In a perfect and negligent-free world, safety recalls concerning defective products would never occur.
Sadly, they do, and often only after innocent victims are seriously or even fatally injured through their interaction with a shoddy product, whatever it might be.
When it is a vehicle air bag, the implications are immediately apparent and, in an outsized way, ironical.
The reason why is obvious, of course: Air bags are a first-line item of defense in a vehicle's arsenal of safeguards that protect drivers and passengers in the event of a motor vehicle accident. As such, their function is to minimize adverse accident-related outcomes and to save lives.
Which explains, of course, why the fallout concerning millions of air bags manufactured by the Japan-based company Takata is so intense.
To be succinct: They have on occasion deployed without rhyme or reason, shooting shrapnel at high velocity into vehicle occupants' faces.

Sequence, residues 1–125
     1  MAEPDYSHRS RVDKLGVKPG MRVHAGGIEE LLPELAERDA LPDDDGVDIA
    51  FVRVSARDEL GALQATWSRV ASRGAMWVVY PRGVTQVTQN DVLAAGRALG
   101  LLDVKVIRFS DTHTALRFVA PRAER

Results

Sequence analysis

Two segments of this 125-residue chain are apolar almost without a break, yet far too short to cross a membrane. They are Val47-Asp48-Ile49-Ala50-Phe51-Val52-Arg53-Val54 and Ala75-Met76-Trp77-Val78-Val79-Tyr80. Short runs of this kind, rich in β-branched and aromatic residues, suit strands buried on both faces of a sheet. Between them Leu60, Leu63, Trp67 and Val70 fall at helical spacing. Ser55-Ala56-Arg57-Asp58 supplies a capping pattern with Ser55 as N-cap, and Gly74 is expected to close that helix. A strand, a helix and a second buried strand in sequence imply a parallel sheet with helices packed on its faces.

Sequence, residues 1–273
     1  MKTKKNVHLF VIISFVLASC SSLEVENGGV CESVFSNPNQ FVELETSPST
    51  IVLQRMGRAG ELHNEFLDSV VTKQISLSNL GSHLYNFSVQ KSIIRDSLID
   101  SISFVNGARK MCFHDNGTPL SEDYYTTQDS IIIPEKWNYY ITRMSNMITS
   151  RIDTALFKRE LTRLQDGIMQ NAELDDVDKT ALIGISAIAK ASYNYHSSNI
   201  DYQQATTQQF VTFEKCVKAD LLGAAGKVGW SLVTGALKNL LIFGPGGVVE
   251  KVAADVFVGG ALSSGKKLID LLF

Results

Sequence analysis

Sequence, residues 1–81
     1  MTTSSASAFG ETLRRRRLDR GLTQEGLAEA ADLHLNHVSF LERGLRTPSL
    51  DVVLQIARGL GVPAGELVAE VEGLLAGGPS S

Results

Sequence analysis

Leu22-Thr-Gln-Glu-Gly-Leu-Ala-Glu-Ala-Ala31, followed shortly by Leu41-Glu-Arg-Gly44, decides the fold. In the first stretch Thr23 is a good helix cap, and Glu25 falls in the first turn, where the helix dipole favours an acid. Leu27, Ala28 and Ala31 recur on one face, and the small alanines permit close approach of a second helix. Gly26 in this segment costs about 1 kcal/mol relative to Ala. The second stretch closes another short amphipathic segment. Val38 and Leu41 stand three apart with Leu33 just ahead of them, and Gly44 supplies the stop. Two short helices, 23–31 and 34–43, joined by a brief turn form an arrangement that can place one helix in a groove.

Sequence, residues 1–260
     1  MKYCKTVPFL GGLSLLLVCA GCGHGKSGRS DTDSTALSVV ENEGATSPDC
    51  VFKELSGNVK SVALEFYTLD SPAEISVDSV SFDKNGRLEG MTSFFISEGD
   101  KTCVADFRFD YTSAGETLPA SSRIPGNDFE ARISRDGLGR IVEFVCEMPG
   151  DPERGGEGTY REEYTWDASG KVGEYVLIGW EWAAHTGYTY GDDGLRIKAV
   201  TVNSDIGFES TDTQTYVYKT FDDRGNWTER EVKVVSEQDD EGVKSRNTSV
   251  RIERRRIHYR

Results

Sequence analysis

That summary deployment has been the confirmed catalyst in at least six air-bag related deaths reported in the United States.
And that propensity to explode when a vehicle is not involved in a collision amply underscores the rationale for the nearly 34 million vehicles that have been recalled thus far to fix such a frightening problem.
Many readers of this blog residing in Southern California are likely not hearing of Takata's woes and the staggeringly large recall associated with them for the first time. Takata is a huge global manufacturer, with its air bags being installed on vehicles made by myriad auto companies.
The problem obviously needs to be fixed, and fast.
As always, we wish all our readers a safe and enjoyable driving experience.